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Surgery May Be Best for Young Men with Prostate Cancer

mediaphotos/Thinkstock(NEW YORK) -- Younger men who have been diagnosed with prostate cancer may do well to consider surgery over so-called “watchful waiting,” a new study shows.

The new research, published Wednesday in the New England Journal of Medicine, is unlikely to end the long-running debate in the medical community over if and when surgery to remove the prostate is needed -- particularly since the men in the study were diagnosed before the sensitive prostate-specific antigen (PSA) test was widely implemented to detect prostate cancer in its early stages.

The findings are the latest to come out of a 23-year-long, ongoing study comparing radical prostatectomy versus watchful waiting in 695 men who had been diagnosed with localized prostate cancer.

Between 1989 and 1999, researchers randomly assigned these men to either receive a prostatectomy or not. The study found that those younger than 65 who underwent surgery to remove their prostates had a 15.8 percent lower risk of dying from prostate cancer than patients who had not had surgery. They also had a 25.5 percent lower risk of dying from any cause, as well as a 15.8 percent lower risk of the disease having spreading to other organs.

“Our results suggest that surgery may be more beneficial to younger men,” said study author Jennifer Rider, assistant professor of epidemiology at the Harvard University School of Public Health. Rider added that the men under 65 who had their prostates removed were also less likely to need radiation or chemotherapy.

The trial, funded by the Swedish Cancer Society and the U.S. National Institutes of Health, is the first of its kind to entail such an extended follow-up.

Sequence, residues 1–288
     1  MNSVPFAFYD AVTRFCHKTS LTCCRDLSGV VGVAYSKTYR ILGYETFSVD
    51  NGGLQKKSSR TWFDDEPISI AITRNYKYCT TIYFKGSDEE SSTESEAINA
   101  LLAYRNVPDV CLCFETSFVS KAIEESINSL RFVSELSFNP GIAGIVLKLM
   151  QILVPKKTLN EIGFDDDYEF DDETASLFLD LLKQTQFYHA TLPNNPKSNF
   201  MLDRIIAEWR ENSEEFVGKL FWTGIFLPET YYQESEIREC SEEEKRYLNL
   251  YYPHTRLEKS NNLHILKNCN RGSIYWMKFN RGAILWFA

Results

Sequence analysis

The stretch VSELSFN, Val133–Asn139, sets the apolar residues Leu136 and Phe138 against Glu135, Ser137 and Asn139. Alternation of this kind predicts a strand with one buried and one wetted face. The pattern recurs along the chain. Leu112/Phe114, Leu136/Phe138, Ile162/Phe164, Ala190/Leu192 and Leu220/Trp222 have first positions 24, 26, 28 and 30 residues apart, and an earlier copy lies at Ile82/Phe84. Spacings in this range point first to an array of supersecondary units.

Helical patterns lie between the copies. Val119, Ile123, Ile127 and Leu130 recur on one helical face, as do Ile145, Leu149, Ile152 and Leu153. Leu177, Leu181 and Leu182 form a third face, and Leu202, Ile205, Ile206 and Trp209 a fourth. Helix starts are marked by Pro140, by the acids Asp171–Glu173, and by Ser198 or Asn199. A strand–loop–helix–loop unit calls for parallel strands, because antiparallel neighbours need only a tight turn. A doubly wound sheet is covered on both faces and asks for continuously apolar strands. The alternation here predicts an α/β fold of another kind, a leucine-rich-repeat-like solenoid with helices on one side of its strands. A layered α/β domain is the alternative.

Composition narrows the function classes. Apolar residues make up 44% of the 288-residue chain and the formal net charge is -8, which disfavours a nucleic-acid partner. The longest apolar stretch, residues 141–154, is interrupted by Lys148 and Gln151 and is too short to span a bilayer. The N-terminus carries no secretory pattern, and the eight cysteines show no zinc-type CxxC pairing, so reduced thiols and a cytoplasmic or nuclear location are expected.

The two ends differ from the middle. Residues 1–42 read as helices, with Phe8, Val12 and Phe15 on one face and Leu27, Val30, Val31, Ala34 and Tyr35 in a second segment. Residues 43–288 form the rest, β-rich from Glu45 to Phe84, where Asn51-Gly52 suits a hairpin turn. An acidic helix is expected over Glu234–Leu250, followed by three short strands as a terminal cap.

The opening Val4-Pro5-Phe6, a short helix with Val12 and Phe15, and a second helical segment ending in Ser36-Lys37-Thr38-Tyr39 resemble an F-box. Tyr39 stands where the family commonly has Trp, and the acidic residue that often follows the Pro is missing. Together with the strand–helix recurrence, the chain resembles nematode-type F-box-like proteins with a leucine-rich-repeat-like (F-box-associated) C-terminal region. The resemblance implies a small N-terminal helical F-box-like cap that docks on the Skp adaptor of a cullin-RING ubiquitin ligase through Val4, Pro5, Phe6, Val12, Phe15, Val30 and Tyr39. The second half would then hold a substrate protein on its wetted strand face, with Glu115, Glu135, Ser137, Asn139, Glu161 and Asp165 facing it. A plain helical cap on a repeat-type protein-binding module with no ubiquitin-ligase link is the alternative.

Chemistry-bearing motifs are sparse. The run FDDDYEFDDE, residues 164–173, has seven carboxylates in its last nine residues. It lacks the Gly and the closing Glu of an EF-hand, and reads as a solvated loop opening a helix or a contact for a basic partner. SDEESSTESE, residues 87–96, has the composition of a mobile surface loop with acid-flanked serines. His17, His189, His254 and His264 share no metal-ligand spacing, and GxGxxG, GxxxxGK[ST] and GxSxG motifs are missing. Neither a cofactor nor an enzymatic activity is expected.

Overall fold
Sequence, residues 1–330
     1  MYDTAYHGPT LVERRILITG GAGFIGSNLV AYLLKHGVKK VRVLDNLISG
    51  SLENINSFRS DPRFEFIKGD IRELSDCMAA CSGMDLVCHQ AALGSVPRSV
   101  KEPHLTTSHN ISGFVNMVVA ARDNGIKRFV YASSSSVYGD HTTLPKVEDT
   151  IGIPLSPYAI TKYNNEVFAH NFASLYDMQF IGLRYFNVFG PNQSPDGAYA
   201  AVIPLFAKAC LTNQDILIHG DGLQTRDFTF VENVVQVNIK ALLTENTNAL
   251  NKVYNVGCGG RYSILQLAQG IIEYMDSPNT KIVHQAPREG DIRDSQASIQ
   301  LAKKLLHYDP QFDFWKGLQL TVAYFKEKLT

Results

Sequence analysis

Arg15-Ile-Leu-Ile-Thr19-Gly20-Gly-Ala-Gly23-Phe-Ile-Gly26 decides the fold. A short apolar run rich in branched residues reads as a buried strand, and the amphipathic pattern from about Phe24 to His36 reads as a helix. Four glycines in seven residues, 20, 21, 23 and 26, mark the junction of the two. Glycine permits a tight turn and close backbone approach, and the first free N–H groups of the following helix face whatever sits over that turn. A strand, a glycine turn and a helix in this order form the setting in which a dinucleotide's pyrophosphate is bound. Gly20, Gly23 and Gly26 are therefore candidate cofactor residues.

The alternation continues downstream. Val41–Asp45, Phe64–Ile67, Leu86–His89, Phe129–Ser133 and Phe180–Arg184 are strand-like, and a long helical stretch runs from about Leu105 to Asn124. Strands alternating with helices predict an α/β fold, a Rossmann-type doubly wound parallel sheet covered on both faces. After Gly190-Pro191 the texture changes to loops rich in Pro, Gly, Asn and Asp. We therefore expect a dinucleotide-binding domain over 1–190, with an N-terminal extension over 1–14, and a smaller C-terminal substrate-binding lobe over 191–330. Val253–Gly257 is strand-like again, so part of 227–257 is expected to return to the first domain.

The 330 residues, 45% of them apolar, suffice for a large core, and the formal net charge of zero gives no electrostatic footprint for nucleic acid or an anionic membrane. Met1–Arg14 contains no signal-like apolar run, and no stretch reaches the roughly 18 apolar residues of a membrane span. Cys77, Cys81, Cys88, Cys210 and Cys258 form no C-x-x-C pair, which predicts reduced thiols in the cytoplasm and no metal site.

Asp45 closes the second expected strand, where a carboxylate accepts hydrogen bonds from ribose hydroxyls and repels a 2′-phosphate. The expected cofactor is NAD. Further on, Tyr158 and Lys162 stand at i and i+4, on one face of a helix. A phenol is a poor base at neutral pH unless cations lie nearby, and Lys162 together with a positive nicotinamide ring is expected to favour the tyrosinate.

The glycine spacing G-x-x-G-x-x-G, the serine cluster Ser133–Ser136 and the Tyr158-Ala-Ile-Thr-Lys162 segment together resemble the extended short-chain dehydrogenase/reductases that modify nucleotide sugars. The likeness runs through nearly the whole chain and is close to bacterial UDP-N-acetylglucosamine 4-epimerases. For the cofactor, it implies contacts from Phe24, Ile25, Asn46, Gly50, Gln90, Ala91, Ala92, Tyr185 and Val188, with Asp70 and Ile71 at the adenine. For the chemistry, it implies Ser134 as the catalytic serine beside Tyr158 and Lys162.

Urologists not involved with the research said the findings were important, particularly at a time when many men have concerns about the side effects of going under the knife for prostate cancer.

“This study makes a world of a difference,” said Dr. David B. Samadi, chairman of urology at Lenox Hill Hospital in New York City.

Samadi added that in the years since the study began, the operations to remove the prostate have become more refined.

“Surgery has become much improved,” he said. “ We’ve come a long way.”

“The important finding is that the benefits of surgery have increased over the course of time,” said Dr. Philip Kantoff, director of genitourinary oncology at Dana-Farber Cancer Institute in Boston.

But Dr. Otis Brawley, chief medical officer for the American Cancer Society, said that the results should be interpreted with caution, particularly since the study dealt with men who were not diagnosed using a PSA test -- currently the common early detection method used in the U.S.

“That is a very different population from men in the U.S., where PSA screening means most cancers are caught at a much earlier stage,” he said in a statement to ABC News.

The concern is that using prostate-removing surgery to treat these very early cancers may not be the best option, as it could mean a drastic surgery to remove a prostate that would never have presented a life-threatening problem.

Dr. Lee Green, professor of family medicine at the University of Michigan, said more research will be needed before men facing a prostate cancer diagnosis get definite answers to the questions they have.

“It doesn’t prove that radical prostatectomy is better than less radical procedures, and it doesn’t prove that surgery is better than chemotherapy,” Green said. “It just says that surgery is better than doing nothing.”

Copyright 2014 ABC News Radio

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